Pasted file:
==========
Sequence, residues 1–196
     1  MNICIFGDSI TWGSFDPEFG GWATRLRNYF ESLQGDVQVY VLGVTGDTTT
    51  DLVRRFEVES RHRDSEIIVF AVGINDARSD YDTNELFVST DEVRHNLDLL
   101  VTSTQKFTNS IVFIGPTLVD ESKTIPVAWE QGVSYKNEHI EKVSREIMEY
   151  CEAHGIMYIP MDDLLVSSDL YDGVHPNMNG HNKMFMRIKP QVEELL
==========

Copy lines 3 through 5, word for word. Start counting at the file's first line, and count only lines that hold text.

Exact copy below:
    51  DLVRRFEVES RHRDSEIIVF AVGINDARSD YDTNELFVST DEVRHNLDLL
   101  VTSTQKFTNS IVFIGPTLVD ESKTIPVAWE QGVSYKNEHI EKVSREIMEY
   151  CEAHGIMYIP MDDLLVSSDL YDGVHPNMNG HNKMFMRIKP QVEELL